The hostility of much of american towards transit is rooted in bad memories of taking the bus to school.

At 12:26 PM, Blogger calwatch said...

Unfortunately with neighborhood schools you have other problems which didn't exist 50 years ago. Even in dense cities like San Francisco, widely considered California's best urban school district, they have neighborhood preferences instead of neighborhood schools, for good reason - they try to ensure economic diversity by not concentrating poor kids in poor neighborhoods (because otherwise they have fewer role models for good behavior), there are plenty of immersion programs for different languages and special focus programs on art, technology, science, etc. While some people go to their neighborhood school, there is no property right inherent in going to a good public school in The City.

In suburban areas, larger elementary schools are often preferred not just for consolidation of facilities, but also to accomodate different programs. If 10% of a student population is gifted and talented, for example, you can do a lot more with a 700 person elementary school than one a third of the size - indeed, many GATE kids spent several days a month shuttling to and from programs in districts which have smaller elementary schools.

I get why the SRTS and walkability crowd like neighborhood schools, because they encourage physical actiivty. On the other hand, I also want to balance racial and economic diversity and availability of diverse programs, which draw me away from neighborhood schools. The real issue is sprawl, as San Franciscans can take their kids to school a few miles away with less driving than someone in another city, and have more choices within biking distance than someone in the suburbs.

At 4:09 PM, Blogger Richard Layman said...

charlie -- yes, but if the schools are problematic you lose the advantage, e.g., DC. People all want to go to schools west of the park, forcing many to drive.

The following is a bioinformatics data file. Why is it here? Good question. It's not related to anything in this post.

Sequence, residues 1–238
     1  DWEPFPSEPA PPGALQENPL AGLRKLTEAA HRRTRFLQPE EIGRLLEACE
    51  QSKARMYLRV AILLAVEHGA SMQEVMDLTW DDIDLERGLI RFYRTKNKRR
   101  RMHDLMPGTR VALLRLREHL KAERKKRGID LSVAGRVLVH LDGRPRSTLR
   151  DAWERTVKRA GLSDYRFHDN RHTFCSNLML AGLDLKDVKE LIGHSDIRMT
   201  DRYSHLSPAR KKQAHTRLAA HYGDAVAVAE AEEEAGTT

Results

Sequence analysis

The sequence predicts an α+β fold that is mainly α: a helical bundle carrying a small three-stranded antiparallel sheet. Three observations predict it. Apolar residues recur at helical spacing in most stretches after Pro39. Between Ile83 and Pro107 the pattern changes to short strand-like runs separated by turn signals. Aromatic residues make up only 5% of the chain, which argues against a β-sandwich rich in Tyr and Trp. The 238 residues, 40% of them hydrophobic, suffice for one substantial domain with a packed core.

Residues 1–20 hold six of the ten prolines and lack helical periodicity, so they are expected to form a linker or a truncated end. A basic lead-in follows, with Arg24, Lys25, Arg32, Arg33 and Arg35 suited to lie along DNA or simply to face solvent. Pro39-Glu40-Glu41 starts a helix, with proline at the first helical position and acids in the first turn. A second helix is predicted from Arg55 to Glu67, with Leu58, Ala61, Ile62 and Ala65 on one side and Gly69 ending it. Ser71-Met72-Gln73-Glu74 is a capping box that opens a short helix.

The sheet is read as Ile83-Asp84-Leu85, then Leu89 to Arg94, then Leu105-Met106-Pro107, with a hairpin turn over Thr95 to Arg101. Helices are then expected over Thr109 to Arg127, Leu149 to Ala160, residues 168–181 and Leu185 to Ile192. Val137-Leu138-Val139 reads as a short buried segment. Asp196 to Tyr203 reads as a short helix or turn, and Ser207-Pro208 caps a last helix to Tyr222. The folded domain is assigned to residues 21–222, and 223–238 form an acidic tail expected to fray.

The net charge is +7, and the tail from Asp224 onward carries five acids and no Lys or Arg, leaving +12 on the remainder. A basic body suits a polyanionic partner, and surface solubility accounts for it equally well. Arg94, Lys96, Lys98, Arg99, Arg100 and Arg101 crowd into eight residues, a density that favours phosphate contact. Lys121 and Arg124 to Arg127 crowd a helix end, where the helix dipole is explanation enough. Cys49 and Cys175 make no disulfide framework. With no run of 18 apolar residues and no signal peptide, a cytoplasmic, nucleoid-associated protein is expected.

But yes, sort of like how now "we" don't benefit from the fall in gasoline prices, but we've been benefiting all along by not being automobile-dependent.

So if the people now are "saving " $120 per 10 cent reduction in gas prices, then we have been enjoying that additional punch to our consumer spending for awhile, urban districts have been "saving" money by not having to use school buses.

OTOH, we spend scads of money on special ed. transportation.

WRT your other point, I must be an outlier, I never minded riding the bus, even for a year just after Pontiac Schools started busing, in 1972... but yes, riding the school bus is referred to as the "loser cruiser" in writings I've seen.

At 4:14 PM, Blogger Richard Layman said...

calwatch -- good points. Theoretically, as you point out, the relative compactness of a city allows for specialization across the "school network" in a manner that can be consumed with minimal transportation expenditure.

I see a lot more biking to school in my neighborhood (Upper DC) and in Capitol Hill and to Brookland via the Metrpolitan Branch Trail when I go about the city. (I don't frequent other areas of the city much during the school day so I don't have a sense what the state of getting to school is like in areas like Dupont Circle, Columbia Heights, Georgetown, Friendship Heights, Chevy Chase, etc.)